Wang was harsh on his managers, because he wanted them to be as tough as roaring tigers on their subordinates. He argued that only tigers could train tigers, and only a business led by tigers could be sustained for generations. If lambs take leading positions, they are not only unable to train tigers, but will also eventually turn tiger personalities into lambs.
Wang required his children to work hard without complaint like anyone else if they wanted to become members of the successor team. He regarded his offspring as subordinates, hiding his own paternal feelings, and demanding a lot from them from childhood on.
When Wang's eldest daughter Susan Wang, who now serves as deputy chief executive of the Formosa Plastics Group, headed Formosa Plastics Corp. USA twenty years ago, she kept driving her car to the office and working overtime even when she was pregnant. When doing an internship at a Formosa Plastics plant during her studies, Wang's second daughter Wang Jui-yu worked so hard that she even skipped breakfast and lunch.
But in addition to his demanding strictness, Wang also had a soft side. Amidst his stubborn persistence, Wang also showed flexibility.
Whenever the Formosa Plastics Group set up a factory in a new place, the company would first build employee accommodations. Wang believed that people needed to settle down to be able to work happily.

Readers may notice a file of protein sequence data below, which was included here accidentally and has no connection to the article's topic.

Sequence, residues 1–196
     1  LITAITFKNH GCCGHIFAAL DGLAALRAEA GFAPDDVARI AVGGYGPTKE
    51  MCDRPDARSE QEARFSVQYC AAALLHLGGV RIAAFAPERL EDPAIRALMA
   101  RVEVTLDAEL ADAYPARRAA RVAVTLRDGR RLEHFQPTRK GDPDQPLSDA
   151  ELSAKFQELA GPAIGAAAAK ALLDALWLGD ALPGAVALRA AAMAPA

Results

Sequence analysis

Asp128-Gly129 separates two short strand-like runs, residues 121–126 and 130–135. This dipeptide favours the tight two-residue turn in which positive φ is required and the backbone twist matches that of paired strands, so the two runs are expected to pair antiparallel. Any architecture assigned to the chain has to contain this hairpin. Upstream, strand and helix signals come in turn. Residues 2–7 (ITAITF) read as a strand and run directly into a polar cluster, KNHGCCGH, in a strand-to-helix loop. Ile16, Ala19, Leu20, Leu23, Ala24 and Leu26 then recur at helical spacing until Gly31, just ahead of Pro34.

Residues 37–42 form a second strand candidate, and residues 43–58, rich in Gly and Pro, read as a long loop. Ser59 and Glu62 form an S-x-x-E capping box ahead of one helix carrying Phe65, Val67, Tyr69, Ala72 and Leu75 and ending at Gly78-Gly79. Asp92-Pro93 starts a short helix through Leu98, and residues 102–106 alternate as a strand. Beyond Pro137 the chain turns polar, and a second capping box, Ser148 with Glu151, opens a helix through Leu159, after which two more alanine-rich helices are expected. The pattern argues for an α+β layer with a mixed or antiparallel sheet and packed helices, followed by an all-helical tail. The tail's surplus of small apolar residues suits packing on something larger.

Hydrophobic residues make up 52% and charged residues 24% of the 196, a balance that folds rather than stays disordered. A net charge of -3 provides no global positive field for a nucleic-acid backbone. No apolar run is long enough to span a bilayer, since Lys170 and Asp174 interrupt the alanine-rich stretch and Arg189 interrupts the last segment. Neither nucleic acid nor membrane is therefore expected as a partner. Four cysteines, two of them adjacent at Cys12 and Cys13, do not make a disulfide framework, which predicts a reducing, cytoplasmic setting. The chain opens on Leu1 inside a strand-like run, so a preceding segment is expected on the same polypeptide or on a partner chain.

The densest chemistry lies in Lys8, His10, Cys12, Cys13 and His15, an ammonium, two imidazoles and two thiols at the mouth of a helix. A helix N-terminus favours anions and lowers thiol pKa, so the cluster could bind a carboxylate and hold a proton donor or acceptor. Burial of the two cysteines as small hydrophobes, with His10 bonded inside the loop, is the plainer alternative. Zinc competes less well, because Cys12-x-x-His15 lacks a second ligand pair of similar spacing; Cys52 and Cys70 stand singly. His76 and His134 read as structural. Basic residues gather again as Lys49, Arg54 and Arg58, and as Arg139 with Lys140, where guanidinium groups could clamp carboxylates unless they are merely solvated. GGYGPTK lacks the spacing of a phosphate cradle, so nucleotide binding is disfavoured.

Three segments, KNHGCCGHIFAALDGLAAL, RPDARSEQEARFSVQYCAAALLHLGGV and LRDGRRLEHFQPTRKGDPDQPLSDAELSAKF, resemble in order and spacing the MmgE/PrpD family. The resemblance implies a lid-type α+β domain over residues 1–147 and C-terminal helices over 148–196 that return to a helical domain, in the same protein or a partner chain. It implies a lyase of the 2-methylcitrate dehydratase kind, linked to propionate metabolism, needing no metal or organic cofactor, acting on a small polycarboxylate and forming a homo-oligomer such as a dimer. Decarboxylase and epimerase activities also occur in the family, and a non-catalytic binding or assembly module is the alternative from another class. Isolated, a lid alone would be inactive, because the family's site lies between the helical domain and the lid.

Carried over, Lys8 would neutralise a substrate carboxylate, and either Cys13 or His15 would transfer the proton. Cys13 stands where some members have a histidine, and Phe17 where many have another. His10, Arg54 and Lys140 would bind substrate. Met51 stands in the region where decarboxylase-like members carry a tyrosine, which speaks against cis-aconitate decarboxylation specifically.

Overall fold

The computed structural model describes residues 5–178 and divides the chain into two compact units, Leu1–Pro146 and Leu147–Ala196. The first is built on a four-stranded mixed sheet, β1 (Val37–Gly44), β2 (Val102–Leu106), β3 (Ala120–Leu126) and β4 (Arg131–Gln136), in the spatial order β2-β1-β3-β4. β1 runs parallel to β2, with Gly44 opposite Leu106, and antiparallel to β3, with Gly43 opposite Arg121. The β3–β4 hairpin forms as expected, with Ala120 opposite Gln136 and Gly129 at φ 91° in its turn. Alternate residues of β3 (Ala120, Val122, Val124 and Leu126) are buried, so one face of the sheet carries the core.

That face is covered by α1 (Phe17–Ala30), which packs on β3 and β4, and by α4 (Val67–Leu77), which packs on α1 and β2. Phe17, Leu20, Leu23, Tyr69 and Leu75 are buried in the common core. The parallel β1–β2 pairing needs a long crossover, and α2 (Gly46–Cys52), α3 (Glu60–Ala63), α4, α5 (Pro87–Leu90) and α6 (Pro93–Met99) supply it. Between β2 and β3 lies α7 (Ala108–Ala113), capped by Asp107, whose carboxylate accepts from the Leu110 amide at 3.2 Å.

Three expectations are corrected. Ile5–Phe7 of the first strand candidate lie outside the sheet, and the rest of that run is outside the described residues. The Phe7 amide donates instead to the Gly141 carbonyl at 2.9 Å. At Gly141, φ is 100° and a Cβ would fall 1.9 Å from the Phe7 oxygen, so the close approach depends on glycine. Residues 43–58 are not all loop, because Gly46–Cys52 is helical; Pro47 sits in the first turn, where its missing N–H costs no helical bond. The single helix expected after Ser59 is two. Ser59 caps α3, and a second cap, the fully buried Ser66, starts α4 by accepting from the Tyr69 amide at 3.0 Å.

When the business group built its plant in Texas, it couldn't find a Chinese cook. Consequently, Wang transferred Chef Hsu, who worked at the Kaohsiung factory, to Texas for two years to cook Chinese meals for the Taiwanese workers there. Wang believed that only Chinese food could satisfy a Chinese person's stomach.
He also arranged a technology transfer, this time of culinary skills. Chef Hsu trained Mexican immigrants to cook Chinese cuisine. That's why up to today the cafeteria at the Texas plant offers various traditional Chinese dishes such as rice porridge, stir-fried eggs with vegetables, braised prawns with soy sauce, and steamed fish head.
A Lonely Giant Passes Away
After a life full of hardships and triumphs, Wang liked to say in his old age, "Nothing is easy in this world, but nothing is impossible."
For instance, when Wang came up with the idea to collect kitchen waste for composting, even his closest subordinates wondered behind his back whether he had gone crazy. Wang knew that he was up against many obstacles and that it would not be easy. But he worked to realize his idea step by step, first buying machinery, then researching technological improvements and negotiating with local government leaders.
Today, the Formosa Environmental Technology Corporation produces nearly 300 tons of organic fertilizer and grows more than 400 tons of organic vegetables per year. Meanwhile, kitchen waste is being recycled across the island and street corners no longer reek of rotten food.
During his long life Wang almost never took a vacation, working until the day before he died. Was it worth it? With eyebrows always knitted together and a thin, pinched mouth, Wang did not exactly look like a happy man.
"Of course he was happy," believes Wang's friend Wen-chang Ko, chairman of the WK Technology Fund. "Whatever idea he had, there were people who did their best to help him realize it. His life was full and magnificent. He did things the rest of us could never do."
Each era runs its own course. Now that the lonely giant has left this world, his era fades away. How much of his legacy the coming age will carry on, and how much it will discard, we can only quietly wait for time to tell.
Translated from the Chinese by Susanne Ganz
Chinese Version: 人生落幕，傳奇不朽